Design and Technology (D&T) KS3: Cutting a shape from metal

This short film explains the different ways to cut metal, depending on your design.

There are a range of hands-on methods for cutting metal and getting the result you need. This short film runs through a few of the most common.

Teacher Notes

Points for discussion

Discuss any other equipment which could be used to cut metal (and when it might be preferable to use these methods), for example:

  • Sheet metal guillotine
  • Nibbler
  • Hand-held grinder/cutting wheel
  • Abrasive wheel

Discuss the affect of using different grades of file, for example first cut, second cut.

Discuss the use of different shapes of file, for example square, half-round, round, triangular, for different shapes.

Discuss the different types of blade to be used for different thicknesses of metal, for example teeth per inch, or which is better, a hacksaw or junior hacksaw.

Discuss issues related to quality control – when is an item good enough/finished?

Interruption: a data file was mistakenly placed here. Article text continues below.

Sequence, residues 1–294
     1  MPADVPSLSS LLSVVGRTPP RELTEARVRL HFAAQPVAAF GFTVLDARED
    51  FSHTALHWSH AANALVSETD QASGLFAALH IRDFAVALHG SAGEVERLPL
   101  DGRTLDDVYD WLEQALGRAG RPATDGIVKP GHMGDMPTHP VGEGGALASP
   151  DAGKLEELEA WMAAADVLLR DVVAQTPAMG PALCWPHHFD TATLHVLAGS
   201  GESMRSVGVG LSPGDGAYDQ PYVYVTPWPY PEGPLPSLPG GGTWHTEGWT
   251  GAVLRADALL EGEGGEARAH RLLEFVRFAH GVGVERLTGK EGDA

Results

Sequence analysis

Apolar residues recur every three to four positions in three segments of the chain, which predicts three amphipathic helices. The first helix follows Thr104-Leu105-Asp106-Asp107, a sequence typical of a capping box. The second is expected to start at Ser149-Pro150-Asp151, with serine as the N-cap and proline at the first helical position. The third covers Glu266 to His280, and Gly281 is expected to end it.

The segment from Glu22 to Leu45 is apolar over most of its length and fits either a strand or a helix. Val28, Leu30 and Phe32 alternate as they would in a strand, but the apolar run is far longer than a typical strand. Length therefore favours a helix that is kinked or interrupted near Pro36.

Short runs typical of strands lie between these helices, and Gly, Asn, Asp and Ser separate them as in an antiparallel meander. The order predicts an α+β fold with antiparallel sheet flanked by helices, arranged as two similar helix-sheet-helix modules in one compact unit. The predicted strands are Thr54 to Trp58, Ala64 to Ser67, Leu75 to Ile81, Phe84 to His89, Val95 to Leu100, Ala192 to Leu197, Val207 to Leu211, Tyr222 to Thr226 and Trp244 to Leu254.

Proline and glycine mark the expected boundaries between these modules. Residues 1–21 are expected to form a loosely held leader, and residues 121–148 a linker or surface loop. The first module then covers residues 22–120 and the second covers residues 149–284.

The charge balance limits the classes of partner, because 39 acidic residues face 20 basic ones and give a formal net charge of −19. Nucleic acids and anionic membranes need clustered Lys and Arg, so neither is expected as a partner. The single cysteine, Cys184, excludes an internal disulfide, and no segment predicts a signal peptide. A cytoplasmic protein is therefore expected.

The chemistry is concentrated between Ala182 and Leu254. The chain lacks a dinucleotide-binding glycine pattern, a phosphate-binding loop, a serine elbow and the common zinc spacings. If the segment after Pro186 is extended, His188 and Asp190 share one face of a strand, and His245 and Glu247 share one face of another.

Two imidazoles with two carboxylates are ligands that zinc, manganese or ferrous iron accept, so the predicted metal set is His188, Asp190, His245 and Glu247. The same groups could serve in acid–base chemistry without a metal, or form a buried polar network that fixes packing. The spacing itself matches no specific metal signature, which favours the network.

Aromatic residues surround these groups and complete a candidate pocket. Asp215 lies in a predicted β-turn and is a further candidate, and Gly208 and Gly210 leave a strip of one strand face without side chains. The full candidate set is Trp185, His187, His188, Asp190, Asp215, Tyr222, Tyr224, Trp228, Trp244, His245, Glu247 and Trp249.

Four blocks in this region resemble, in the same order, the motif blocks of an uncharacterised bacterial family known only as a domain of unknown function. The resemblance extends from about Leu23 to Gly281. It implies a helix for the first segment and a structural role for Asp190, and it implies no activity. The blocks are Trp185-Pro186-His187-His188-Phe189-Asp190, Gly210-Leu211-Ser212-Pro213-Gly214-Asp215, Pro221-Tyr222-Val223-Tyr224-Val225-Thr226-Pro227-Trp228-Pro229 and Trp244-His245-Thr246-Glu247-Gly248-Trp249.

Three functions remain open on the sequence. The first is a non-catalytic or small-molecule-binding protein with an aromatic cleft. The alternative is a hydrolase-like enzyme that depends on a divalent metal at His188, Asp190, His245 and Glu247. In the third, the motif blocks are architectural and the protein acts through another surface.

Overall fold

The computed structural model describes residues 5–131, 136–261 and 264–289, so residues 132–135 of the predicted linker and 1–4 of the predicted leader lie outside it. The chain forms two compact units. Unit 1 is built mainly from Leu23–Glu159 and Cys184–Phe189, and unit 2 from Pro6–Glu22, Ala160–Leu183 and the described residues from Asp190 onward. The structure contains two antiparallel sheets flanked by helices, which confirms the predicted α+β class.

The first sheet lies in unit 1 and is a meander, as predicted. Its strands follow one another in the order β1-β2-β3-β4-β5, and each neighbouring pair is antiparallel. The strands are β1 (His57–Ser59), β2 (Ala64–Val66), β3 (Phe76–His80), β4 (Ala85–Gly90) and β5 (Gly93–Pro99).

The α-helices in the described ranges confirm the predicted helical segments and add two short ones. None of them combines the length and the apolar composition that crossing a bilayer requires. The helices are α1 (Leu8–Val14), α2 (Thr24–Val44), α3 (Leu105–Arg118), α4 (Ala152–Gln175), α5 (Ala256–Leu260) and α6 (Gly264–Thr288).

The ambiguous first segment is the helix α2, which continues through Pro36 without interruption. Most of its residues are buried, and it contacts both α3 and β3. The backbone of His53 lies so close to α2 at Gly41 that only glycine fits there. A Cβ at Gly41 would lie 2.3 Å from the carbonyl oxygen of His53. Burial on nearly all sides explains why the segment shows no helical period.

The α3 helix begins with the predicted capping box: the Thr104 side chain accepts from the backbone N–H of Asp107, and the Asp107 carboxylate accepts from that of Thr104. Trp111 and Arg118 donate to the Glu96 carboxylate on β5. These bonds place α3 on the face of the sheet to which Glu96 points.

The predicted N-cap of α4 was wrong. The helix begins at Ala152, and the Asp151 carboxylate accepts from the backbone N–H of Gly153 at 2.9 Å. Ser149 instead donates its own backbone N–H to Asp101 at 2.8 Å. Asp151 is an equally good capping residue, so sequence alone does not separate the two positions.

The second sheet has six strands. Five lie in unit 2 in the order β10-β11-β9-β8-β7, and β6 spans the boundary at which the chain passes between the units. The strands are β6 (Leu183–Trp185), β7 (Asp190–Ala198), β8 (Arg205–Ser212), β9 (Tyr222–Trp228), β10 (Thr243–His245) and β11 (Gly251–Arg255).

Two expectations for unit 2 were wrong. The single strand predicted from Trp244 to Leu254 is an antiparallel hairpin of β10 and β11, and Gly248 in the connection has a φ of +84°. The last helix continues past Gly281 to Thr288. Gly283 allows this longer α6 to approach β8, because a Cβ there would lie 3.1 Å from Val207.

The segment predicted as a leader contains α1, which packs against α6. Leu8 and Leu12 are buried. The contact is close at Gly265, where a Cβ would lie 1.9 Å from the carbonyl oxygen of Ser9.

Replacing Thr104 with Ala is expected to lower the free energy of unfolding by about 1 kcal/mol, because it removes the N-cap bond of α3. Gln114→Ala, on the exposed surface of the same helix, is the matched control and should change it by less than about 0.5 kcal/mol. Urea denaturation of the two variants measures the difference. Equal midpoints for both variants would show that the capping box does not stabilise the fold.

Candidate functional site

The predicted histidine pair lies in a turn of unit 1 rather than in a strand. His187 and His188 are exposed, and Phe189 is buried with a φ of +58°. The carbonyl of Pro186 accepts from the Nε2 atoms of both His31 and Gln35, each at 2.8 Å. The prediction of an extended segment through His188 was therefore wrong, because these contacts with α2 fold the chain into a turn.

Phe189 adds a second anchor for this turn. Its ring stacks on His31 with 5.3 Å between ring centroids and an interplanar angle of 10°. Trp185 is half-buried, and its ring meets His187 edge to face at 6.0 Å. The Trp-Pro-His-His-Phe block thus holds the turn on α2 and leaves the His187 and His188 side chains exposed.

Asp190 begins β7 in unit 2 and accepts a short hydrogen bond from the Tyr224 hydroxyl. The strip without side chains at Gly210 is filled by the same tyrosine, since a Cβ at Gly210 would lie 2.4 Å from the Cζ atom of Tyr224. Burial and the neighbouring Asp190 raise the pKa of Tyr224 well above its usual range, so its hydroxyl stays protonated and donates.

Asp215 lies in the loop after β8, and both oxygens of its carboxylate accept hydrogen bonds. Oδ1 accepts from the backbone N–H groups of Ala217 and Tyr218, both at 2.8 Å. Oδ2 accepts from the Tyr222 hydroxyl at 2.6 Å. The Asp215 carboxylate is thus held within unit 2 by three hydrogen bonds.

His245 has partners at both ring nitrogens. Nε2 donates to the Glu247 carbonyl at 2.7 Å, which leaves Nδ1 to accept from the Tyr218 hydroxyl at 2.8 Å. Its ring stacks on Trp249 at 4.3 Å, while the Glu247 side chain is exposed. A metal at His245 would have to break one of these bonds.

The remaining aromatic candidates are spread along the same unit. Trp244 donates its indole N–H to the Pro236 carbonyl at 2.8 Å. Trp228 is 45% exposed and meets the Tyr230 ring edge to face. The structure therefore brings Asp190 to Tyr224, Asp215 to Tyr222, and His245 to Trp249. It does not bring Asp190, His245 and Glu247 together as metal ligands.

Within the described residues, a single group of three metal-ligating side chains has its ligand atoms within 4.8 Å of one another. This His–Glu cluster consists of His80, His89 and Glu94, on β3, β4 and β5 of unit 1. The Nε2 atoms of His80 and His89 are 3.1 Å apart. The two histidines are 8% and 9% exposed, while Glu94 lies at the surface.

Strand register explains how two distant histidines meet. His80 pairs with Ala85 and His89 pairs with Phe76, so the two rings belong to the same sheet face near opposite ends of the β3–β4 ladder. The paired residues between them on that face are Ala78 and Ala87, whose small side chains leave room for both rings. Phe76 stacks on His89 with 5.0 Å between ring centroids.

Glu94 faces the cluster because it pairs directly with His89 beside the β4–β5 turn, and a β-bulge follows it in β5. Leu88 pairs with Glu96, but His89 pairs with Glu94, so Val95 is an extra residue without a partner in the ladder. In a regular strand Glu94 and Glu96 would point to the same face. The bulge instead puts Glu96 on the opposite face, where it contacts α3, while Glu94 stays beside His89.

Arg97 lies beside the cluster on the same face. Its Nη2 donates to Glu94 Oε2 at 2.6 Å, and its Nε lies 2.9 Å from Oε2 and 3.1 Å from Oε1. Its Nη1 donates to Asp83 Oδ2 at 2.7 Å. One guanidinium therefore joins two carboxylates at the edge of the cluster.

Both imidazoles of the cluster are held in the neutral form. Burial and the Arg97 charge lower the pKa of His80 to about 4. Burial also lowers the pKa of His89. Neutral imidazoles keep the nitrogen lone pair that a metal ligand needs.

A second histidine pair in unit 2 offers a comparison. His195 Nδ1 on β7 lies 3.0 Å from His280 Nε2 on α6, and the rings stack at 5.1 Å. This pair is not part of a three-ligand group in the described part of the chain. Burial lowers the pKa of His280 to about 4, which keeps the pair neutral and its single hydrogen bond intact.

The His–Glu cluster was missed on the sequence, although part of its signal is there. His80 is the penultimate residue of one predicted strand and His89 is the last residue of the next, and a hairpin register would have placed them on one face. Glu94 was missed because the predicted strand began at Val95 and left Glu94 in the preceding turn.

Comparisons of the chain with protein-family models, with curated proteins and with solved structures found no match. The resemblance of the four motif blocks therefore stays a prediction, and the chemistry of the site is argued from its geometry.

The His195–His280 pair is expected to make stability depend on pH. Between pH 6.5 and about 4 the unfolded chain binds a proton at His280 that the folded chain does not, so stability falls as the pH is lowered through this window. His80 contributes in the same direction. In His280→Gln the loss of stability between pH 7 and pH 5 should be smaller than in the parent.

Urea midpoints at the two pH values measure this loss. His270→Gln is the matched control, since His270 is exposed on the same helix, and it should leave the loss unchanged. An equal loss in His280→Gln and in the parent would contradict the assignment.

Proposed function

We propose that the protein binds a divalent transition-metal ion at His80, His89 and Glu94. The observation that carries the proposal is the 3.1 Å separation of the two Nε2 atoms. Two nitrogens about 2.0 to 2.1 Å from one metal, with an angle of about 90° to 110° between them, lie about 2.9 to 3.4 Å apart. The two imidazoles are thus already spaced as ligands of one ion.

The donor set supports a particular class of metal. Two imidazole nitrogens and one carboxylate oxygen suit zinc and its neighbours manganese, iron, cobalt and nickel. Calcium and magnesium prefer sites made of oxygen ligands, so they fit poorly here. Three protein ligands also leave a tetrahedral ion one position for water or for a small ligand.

Discuss how to fix the component correctly in the vice to avoid excessive or wasteful vibration and noise.

Suggested activities

This activity can be fitted into any course of study which involves the manufacture of metal components, for example:

  • Blades and tangs for garden tools
  • Making a bottle-opener or multi-tool blade from steel or aluminium flat bar
  • Manufacture of a wide variety of components for KS4 Iterative design and build projects
  • Making a brass ‘net’ to be folded into a candle stand
  • Cutting a shape to be made into a pendant or bag tag.

Curriculum Notes

Suitable for teaching design and technology (D&T) at KS3/KS4 in England, Wales and Northern Ireland, and 3rd/4th levels in Scotland.

More from this series

Marking shapes on metal
Drape forming
Line bending